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I'm new to C++ and I'm using the vector class on my project. I found it quite useful because I can have an array that automatically reallocates whenever it is necessary (ie, if I want to push_back an item and the vector has reached it's maximum capacity, it reallocates itself asking more memory space to the OS), so access to an element of the vector is very quick (it's not like a list, that to reach the "n-th" element I must go through the "n" first elements).

I found this question very useful, because their answers explained perfectly how the "memory allocator" works when I want to store my vector on the heap/stack:

[1] vector<Type> vect;
[2] vector<Type> *vect = new vector<Type>;
[3] vector<Type*> vect;

However, a doubt is bugging me for a while, and I can't find its answer: Whenever I construct a vector and begin pushing a lot of items in, it would reach a moment when the vector would be full, so to continue growing it would need to reallocate, copy itself to a new location and then continue pushing_back items (obviously, this reallocation it's hidden on the implementation of the class, so it is completely transparent to me)

Fine, if I have created the vector on the heap [2], I have no troubles imagining what may be happening: class vector calls malloc, acquires new space and then copy itself into the new memory and finally deletes the old memory calling free.

However, a veil hides what is happening when I construct a vector on the stack [1]: What does it happens when the vector must reallocate? AFAIK, whenever on C/C++ you enter a new function, the computer would look at the declaration of variables and then expand the stack to get the necessary space to put these variables, but you can't allocate more space on the stack when the function is already running. How does the class vector solve this problem?

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Apparently, the answers in that question didn't explain it perfectly at all, because you got a completly wrong idea. –  R. Martinho Fernandes Jun 25 '13 at 14:28
    
The vector allocates its data somewhere that can grow at runtime. The size of a vector object itself remains fixed, because it keeps a fixed size handle to that dynamically allocated data. –  juanchopanza Jun 25 '13 at 14:28
    
Ok, with the answers below, I understand the data strcture of a vector object: like @juanchopanza said below, it is a set of pointers that defines the size of an array located on heap with objects stored on it. Since this array is on heap, it may be reallocated if more space is needed. BTW, sorry for english grammar! I hope to improve it with practice! –  Karl Jun 25 '13 at 17:13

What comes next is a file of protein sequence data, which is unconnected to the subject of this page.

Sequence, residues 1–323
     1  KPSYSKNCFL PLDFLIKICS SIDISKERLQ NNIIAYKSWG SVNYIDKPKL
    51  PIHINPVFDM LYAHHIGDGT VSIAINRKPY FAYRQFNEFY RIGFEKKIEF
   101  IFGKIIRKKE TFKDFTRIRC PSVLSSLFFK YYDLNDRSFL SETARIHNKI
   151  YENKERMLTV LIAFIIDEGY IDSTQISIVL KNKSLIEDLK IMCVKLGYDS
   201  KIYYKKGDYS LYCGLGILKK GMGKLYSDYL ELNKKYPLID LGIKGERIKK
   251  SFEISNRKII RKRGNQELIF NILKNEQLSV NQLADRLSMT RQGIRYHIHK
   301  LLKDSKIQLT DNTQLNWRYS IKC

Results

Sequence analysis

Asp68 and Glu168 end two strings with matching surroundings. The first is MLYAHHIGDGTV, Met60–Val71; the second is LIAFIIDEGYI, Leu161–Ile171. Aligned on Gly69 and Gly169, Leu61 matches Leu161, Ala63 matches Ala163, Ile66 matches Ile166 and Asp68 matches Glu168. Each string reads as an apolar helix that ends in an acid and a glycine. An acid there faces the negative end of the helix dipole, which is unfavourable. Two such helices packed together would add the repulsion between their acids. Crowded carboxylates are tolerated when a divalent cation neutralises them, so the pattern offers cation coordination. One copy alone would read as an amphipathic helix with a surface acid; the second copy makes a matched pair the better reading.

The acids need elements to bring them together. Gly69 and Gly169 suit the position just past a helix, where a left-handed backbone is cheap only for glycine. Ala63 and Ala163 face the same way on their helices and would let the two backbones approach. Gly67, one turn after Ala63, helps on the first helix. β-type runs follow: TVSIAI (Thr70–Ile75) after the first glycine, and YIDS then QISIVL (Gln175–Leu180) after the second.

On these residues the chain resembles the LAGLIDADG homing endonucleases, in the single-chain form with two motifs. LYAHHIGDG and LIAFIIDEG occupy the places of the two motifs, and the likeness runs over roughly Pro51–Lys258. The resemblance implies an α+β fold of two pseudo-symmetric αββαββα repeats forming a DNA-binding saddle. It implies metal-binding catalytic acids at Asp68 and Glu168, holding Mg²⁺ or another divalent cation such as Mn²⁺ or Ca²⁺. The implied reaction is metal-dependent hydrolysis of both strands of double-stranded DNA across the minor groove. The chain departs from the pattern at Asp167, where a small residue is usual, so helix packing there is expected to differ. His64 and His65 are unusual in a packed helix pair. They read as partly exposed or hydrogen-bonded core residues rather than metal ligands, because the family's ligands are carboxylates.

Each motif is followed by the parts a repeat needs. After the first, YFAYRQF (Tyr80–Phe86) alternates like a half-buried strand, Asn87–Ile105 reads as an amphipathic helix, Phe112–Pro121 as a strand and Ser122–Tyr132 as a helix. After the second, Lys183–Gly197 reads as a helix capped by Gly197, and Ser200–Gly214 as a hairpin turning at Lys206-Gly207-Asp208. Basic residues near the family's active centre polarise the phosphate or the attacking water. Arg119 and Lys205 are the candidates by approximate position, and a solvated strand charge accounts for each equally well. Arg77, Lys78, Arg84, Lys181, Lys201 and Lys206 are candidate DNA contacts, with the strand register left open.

It's a common misconception to assume that just because you say std::vector<...> myvect; vs. std::vector<...> *myvect = new std::vector<...>; you'd end up - for the contents (!) - with stack allocation on the former but heap allocation on the latter. Not so; while for the new ... case, heap is pretty much guaranteed, the internal implementation of the container type decides what happens when you instantiate it locally. Only certain containers (i.e. std::array) will embed their contents. std::vector does not. –  FrankH. Jun 30 '13 at 8:35

6 Answers 6

up vote 8 down vote accepted

You wrote

[...] copy itself to a new location [...]

which is not the way a vector works. The vector data is copied to a new location, not the vector itself.

My answer should give you an idea of how a vector is designed.

The common std::vector layout*

Note: The std::allocator is actually likely to be an empty class and std::vector will probably not contain an instance of this class. This may not be true for an arbitrary allocator.

std::vector layout

In most implementations it consists of three pointers where

  • begin points to the start of the data memory of the vector on the heap (always on the heap if not nullptr)
  • end points one memory location past the last element of the vector data (to have size() == end-begin)
  • capacity points on memory location past the last element of the vector memory (to have capacity() == end-begin)

A vector on the stack

We declare a variable of type std::vector<T,A> where T is any type and A is an allocator type for T (i.e. std::allocator<T>).

std::vector<T, A> vect1;

How does this look like in memory?

std::vector on the stack

As we see: Nothing happens on the heap but the variable occupies the memory that is necessary for all of its members on the stack. There it is and it will stay there until vect1 goes out of scope, since vect1 is just an object like any other object of type double, int or whatever. It will sit there on its stack position and wait to get destroyed, regardless of how much memory it handles itself on the heap.